If you look up the word Sepia, and do a little research, you may be surprised that the word is originally Greek for the common cuttlefish.
But that is indeed relevant to photography because sepia tone is NOT black and white images that were made 120 years ago and have faded, it started as a process. You are probably more familiar with gray scale (black and white) but there is also brown scale (sepia.)
When I first learned how to print photographs in a wet darkroom, I took a class in printing sepia toned prints. It’s a fascinating process. You make a normal black and white print and then you bleach the paper to remove the silver. Then you rinse and soak the paper in a sepia bath before washing and drying again. Depending on how long you soak the paper, you can control the shades of sepia. It is an art form that is mostly gone because today, all we have to do is click a few buttons with a mouse, or employ a preset and bam, you have a sepia tone.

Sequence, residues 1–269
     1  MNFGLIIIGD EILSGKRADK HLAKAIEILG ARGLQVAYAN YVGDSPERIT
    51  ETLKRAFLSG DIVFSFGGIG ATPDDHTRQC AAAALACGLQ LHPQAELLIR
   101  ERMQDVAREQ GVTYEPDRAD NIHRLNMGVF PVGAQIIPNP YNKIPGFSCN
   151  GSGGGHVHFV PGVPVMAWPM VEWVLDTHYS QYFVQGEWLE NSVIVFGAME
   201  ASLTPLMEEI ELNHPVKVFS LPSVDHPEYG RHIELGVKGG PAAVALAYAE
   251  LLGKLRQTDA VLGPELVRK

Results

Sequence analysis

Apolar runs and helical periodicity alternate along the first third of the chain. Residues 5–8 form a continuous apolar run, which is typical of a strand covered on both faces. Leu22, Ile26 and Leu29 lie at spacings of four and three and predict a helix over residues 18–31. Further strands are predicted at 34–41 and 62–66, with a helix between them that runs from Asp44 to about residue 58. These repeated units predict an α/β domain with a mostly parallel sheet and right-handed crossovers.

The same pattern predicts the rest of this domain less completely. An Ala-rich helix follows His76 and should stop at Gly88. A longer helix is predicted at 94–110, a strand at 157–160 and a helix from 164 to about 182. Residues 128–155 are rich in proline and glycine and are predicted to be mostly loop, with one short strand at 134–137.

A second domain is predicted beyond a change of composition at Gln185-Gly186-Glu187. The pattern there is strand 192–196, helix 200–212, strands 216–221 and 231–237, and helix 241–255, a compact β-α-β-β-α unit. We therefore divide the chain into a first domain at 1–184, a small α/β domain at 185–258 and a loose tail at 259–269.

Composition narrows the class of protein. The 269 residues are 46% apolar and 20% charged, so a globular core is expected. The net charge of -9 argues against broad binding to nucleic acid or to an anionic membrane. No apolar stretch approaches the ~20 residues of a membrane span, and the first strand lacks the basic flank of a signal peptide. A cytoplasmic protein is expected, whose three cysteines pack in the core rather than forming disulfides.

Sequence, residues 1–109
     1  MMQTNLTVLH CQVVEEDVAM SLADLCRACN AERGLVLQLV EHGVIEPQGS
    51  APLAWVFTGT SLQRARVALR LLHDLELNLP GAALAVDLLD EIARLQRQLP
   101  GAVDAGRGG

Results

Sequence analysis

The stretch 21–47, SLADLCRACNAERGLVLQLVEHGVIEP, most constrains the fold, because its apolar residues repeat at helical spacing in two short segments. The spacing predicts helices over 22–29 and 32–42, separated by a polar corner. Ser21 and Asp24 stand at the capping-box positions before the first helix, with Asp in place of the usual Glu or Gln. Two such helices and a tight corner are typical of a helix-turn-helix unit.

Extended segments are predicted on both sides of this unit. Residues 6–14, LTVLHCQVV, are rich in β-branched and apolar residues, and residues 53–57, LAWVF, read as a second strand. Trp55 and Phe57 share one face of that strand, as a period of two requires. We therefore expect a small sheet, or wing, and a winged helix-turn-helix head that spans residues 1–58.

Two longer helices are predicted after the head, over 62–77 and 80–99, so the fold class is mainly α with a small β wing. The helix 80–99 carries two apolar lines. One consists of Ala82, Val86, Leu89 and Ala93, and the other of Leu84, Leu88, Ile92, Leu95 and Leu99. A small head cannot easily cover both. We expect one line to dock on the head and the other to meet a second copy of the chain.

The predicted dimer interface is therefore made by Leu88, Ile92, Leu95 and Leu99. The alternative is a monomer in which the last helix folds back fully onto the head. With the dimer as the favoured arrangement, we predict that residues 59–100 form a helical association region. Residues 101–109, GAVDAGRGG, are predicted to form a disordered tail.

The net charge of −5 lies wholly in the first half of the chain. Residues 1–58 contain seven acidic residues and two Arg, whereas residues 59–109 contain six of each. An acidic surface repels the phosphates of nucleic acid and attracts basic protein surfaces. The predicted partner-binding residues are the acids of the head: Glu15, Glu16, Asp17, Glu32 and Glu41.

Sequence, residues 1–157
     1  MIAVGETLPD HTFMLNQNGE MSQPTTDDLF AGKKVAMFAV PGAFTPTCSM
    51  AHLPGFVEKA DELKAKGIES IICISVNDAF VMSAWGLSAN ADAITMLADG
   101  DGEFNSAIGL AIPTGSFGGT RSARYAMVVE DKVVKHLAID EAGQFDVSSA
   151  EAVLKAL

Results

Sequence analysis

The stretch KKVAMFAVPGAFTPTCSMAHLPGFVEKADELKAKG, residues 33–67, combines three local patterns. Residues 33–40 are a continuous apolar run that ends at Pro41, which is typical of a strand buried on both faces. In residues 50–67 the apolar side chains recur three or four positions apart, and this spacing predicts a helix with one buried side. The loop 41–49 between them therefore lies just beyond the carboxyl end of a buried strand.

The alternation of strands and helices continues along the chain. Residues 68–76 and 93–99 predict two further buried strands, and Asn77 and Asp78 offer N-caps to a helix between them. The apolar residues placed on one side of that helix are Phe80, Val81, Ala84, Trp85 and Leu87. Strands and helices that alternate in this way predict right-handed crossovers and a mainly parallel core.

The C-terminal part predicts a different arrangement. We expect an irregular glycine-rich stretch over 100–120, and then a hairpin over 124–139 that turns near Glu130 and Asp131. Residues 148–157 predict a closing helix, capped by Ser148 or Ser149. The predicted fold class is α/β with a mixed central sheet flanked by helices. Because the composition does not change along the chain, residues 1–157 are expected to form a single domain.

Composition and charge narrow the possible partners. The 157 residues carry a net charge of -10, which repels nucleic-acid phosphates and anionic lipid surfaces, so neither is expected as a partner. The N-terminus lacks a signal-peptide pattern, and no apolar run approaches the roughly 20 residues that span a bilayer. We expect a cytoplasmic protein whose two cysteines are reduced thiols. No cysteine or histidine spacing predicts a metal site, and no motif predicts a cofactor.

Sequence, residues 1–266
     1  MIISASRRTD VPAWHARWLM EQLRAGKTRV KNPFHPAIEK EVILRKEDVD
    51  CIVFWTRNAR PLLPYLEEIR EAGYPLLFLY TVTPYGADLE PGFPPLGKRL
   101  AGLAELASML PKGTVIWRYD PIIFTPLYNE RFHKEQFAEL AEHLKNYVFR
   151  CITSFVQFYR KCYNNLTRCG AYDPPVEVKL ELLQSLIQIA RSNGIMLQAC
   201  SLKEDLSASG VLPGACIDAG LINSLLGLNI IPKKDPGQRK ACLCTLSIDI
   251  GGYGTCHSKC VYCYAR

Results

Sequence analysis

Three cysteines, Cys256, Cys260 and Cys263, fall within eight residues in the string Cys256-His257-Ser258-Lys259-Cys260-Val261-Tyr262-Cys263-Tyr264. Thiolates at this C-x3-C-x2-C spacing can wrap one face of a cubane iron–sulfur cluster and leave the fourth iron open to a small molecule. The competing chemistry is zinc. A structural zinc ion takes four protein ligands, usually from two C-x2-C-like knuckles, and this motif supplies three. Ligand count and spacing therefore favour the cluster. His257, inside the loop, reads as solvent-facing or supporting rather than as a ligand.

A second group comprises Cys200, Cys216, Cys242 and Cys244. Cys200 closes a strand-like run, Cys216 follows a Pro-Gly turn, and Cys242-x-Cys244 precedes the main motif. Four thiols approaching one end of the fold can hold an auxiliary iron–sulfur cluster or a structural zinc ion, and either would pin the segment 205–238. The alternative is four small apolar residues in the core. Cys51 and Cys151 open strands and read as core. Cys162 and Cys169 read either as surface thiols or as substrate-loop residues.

Using sepia (brown) colored inks for art and illustration goes back to the 14th century. More recently, it was used in photography and still is in some portraiture and art studios. It has a deep, rich history that goes beyond the scope of a simple blog post, but it is very interesting.
When I shot film, I liked to use sepia on days where the light was harsh or there was a wide dynamic range in the scene because the sepia film would help tackle those problems.
Sepia gives images a warm, soft appearance and I don’t use it often these days, but once in a while, I like to apply it to images where the subject is already brown, as is the case with this burrowing owl.
Now, if you have Photoshop, it’s as simple as a Hue/Saturation adjustment if you want to make a sepia toned image.
Choose Layer→New Adjustment Layer→Hue/Saturation.
Select the Colorize check box in the Hue/Saturation panel and move the Hue and Saturation sliders to right around 30. Then move the Lightness slider to around 10. Adjust to taste and you have your very own sepia image.
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